Intrinsic vs. Extrinsic Motivation in Reading: Which is the Real Deal?

INTRINSIC vs. EXTRINSIC MOTIVATION IN READING: WHICH IS THE REAL DEAL?   This passage is taken from a published article in the 2013 New Jersey English Journal titled, “The Creative Imagination and Its Impact on 21st Century Literacies”:   “On television I saw a radical new program in education called “Massage Therapy” which is used […]

Teaching Together: Moving from Isolation to Collaboration

The guests on this segment disagree on whether teacher collaboration is new, but they all agree that teacher collaboration is becoming more important, is being done in new ways, and is more important now than ever. On November 16th, Education Week will be running a series of articles on teacher collaboration. Be sure to check […]

3 Great Ways & Reasons to Move Your Class Outdoors

According to our guests, immersing your students in nature offers many benefits to both students and teachers. Find out why you should take your students outside as often as possible. This segment also offers specific outdoor lessons you can use with your class today. To Read:   Asphalt to Ecosystems: Design Ideas for Schoolyard Transformation […]

A Literate African-American Boy: Fact or Fantasy?

If life imitates art, as the aphorism goes, I sure wish the boy drawn in a C.F. Payne illustration would become real like Pinocchio did. The illustration depicts an African-American boy standing on a street corner engrossed in reading a book while a crowd of people behind him is enthralled by the latest technological gadgets […]

Child’s Right to Risk

This post represents a summary of several talks at the recent “International Green Schoolyard Conference”.  Although I agree wholeheartedly with all of the ideas described below, I cannot take credit for many of the thoughts.  Because the speakers’ positions were so powerfully and clearly expressed, I have quoted liberally from my notes, in an effort […]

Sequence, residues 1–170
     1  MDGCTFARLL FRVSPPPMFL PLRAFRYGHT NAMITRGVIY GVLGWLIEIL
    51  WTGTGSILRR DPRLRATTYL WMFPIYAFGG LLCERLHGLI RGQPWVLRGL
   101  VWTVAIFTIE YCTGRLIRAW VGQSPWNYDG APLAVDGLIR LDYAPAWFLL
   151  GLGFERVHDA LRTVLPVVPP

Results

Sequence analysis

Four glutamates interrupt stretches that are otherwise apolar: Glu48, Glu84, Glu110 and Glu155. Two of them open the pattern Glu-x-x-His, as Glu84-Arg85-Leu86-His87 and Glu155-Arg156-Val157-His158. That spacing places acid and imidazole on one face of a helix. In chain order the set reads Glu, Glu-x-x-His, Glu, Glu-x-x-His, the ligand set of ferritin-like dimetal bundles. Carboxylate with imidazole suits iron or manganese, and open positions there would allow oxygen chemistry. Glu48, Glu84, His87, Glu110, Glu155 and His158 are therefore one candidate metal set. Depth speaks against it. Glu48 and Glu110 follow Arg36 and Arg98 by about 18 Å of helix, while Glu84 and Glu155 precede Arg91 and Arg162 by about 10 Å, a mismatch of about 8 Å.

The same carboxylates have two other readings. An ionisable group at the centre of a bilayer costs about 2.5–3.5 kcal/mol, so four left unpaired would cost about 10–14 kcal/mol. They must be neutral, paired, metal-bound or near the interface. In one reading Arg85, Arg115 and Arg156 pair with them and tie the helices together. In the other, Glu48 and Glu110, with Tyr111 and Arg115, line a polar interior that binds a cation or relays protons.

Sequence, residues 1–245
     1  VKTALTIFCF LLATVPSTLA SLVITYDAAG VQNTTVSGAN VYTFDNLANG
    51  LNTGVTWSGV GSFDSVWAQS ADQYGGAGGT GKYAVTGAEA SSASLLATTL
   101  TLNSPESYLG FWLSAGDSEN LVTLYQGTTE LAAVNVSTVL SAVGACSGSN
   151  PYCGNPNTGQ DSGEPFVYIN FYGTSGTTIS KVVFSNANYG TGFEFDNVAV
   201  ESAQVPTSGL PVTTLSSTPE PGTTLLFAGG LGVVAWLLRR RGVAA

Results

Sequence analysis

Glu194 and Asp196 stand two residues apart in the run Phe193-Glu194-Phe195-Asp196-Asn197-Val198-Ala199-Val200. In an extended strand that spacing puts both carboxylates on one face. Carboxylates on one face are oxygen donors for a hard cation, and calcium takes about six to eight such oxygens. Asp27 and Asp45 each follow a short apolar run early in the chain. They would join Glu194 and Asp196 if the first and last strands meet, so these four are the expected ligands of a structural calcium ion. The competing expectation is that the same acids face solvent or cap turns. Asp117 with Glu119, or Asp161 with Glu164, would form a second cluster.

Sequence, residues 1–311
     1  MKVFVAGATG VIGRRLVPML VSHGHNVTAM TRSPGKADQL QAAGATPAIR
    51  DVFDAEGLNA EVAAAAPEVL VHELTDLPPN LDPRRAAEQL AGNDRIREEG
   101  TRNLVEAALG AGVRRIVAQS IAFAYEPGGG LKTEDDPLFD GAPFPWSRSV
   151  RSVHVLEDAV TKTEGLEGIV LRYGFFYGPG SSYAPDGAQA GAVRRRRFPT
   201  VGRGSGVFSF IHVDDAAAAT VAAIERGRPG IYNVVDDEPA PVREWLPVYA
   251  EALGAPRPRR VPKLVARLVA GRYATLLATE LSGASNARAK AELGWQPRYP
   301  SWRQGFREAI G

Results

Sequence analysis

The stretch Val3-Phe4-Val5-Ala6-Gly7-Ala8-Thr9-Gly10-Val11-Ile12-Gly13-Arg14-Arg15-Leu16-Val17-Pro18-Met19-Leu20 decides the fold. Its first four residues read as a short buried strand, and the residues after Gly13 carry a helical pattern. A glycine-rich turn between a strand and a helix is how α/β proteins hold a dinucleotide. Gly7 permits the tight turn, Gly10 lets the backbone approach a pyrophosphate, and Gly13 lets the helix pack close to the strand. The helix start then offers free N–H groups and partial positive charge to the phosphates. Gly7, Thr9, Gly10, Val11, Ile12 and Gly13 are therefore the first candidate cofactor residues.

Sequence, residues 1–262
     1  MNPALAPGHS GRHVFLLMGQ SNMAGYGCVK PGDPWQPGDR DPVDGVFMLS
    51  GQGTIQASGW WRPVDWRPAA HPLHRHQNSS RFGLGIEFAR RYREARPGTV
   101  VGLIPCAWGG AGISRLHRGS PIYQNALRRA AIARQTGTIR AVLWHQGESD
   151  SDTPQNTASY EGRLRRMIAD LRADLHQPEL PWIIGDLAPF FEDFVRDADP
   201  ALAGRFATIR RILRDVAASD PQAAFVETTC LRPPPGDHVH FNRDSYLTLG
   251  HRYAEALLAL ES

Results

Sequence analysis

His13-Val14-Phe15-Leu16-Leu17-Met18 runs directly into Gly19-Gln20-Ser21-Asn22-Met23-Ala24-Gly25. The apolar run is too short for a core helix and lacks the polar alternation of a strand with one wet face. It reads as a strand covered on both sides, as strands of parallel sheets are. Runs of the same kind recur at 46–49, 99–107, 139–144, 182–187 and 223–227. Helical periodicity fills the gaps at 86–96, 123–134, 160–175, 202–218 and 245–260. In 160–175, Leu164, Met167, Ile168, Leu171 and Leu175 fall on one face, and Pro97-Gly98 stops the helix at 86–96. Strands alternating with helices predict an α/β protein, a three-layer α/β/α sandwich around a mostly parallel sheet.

Patching the Playhouses

Here is the story of a natural building project I love…   If you aren’t familiar with natural building, it is, basically, using natural, non-manufactured materials to create soul-soothing, sculptural structures.  My favorite is earth-building, which uses in various combinations, a mixture of clay, water and sand, along with a fibrous material (grass, straw or […]

Who Plants the Garden? The 2011 DC Schoolyard Garden Tour

From coast to coast, this is school garden tour season!  This week I’m bringing you news of another city where exciting things are happening for kids.  I visited 7 wonderful DC school gardens on a recent rainy Saturday.   The theme of this year’s tour, which capped off a school garden week full of workshops, […]

Nine Nifty Ideas from San Francisco Green Schoolyards

1. Nature inspired poetry displayed on a long clothesline makes a great literary focal point in the garden. 2. At this school, the side of the shed provides wall space for nature facts, schoolyard information and art displays. 3. An outdoor sink with a simple hose hookup and a drain just opening onto the ground […]

The International Green Schoolyard Conference: What do we have NOW? What do we WISH for? What ACTION will get us there?

Let me begin by saying that Engaging Our Grounds: The International Green Schoolyard  Conference was a powerful gathering.  I just counted and I have 64 pages of notes and more than 300 pictures from 2 days of talks and site visits, so clearly this will take more than one post to describe.  There were brilliant […]

Welcome to the very first EarlySpace blogpost!

Children need nature.  Here in the Capitol area we are rediscovering that in a big way.  Natural play and learning are coming to DC, Maryland and Northern Virginia. Teachers are learning about how to teach outdoors and how to support outdoor learning; schools and children’s programs are creating green schoolyards and natural play spaces; and […]